At the time I worked in customer service. My job was to listen to the desires of shoppers, to help make sure they were happy and every need was met. I would even go out of my way to do so because every time I saw someone walk away with a smile, I knew I had helped make their day better. Here I was serving people each day, telling them that I would do everything in my power to be of help, yet I rarely took the time to do the same for God.
As I sang those lyrics, I understood that very little of my life served the Lord. I realized I had not been living up to the potential that God had given me. So many of our prayers may be requests that God would change a situation, give us something or help make our circumstances better, but even Jesus did not fill up his prayer time with selfish requests. In Matthew 6:8-13, Jesus gives us an example of prayer that even before we make a request, we should be asking God’s will before our own: “Therefore do not be like them. For your Father knows the things you have need of before you ask him. In this manner, therefore, pray: Our Father in heaven, hallowed be your name. Your kingdom come. Your will be done on earth as it is in heaven. Give us this day our daily bread. And forgive us our debts, as we forgive our debtors. And do not lead us into temptation, but deliver us from the evil one. For yours is the kingdom and the power and the glory forever. Amen.”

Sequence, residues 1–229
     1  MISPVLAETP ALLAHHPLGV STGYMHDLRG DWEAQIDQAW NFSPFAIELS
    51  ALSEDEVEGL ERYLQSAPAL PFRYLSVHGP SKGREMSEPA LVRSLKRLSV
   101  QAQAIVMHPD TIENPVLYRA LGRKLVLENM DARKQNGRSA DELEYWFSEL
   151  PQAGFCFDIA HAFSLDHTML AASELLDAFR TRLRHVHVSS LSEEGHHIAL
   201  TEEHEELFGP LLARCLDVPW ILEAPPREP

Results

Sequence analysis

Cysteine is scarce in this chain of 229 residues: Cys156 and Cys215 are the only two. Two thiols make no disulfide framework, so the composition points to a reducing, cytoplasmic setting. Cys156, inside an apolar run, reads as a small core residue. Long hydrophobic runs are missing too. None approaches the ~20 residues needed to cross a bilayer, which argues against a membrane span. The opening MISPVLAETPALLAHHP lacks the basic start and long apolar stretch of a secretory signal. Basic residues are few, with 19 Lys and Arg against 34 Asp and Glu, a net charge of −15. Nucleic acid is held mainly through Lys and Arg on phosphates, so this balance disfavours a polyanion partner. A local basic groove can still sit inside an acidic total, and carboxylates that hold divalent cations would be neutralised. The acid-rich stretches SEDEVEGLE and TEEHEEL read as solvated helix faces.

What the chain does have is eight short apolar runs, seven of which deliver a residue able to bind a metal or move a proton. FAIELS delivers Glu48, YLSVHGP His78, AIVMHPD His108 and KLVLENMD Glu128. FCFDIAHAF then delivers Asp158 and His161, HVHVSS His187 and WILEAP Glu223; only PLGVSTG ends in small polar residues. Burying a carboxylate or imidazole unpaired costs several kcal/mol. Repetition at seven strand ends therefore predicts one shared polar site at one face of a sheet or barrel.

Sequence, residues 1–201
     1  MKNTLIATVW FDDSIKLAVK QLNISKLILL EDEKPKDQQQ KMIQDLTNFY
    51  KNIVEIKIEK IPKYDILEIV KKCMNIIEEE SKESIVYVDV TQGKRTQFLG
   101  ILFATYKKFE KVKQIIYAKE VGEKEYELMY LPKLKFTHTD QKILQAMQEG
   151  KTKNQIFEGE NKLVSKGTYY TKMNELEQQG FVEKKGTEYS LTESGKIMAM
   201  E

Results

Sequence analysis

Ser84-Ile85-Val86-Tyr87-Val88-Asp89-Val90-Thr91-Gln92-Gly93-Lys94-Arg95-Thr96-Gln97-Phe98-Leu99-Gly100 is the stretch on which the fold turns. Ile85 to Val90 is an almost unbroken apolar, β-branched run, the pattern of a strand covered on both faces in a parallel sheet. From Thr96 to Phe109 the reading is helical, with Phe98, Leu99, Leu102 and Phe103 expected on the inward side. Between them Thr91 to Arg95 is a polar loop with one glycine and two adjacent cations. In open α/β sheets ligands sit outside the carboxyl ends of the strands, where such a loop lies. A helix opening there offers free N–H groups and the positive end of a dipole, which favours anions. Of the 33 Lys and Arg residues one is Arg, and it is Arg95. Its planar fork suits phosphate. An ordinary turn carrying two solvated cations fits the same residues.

As I stood on the stage that day, I couldn’t remember the last time I asked the Lord what he wanted. Sadly, we can get caught up in our daily lives where every other need comes before God’s most basic desires. We may have good intentions, trying to live a life that glorifies God, but in reality we may miss the entire point by putting God last in our priorities. When we skip out on time with God, we may get far on our to-do list but we will never go where God went and even worse, we will never be where God is trying to lead us.